Exactly! It was really rough going at the beginning, but by the time I finished, I felt like I had attended a year long course and really knew the material! I had to print out a little neuroscience dictionary and keep it close, but by the end, I didn't need it anymore.

Let me note this here: Chapter 10 is entitled: "Emotion: An Evolutionary By-Product of the Neural Regulation of the Autonomic Nervous System"

My note written in the margins is: "Or the Neural regulation system evolved to meet the demands of the morphogenetic field influences of soul incarnation which included a need to develop a way to express higher emotions and pro-social behavior."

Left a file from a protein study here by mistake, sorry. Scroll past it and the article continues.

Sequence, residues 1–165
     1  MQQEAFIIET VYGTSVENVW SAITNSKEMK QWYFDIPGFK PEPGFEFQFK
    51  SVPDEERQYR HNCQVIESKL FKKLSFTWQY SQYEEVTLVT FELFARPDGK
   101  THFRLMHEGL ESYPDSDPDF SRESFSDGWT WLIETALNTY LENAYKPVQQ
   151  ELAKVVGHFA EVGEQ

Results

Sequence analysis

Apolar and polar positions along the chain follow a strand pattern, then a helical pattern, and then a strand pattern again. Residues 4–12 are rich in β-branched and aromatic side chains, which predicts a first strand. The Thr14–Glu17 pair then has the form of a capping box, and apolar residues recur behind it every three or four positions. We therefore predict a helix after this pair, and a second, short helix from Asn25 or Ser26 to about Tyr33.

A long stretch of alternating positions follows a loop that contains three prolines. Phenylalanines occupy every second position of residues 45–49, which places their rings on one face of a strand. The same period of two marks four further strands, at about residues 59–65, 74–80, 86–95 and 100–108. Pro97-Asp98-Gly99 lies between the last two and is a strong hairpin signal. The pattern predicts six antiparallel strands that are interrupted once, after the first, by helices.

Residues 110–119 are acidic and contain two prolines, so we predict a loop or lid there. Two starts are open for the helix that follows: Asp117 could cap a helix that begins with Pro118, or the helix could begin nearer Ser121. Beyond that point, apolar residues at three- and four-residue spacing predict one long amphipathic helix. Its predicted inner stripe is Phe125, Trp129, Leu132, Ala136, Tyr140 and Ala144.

That is to say, evolution and consciousness must work hand-in-hand and it is important for us to know exactly how the machine works so that we know what we are experiencing and observing in ourselves from the machine point of view.

The book to follow with is Peter A Levine's "In An Unspoken Voice."
 

Prodigal Son

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Laura said:
The book to follow with is Peter A Levine's "In An Unspoken Voice."
Ah, I've just finished reading this book, and was going to put the exercises into practice before starting on The Polyvagal Theory, so that they didn't get missed out -
Laura said:
That is to say, evolution and consciousness must work hand-in-hand and it is important for us to know exactly how the machine works so that we know what we are experiencing and observing in ourselves from the machine point of view.
- to get back in touch with 'me' pre-trauma.

Is this a good idea, or to start on reading The Polyvagal Theory? My procrastination rears its ugly head - either way!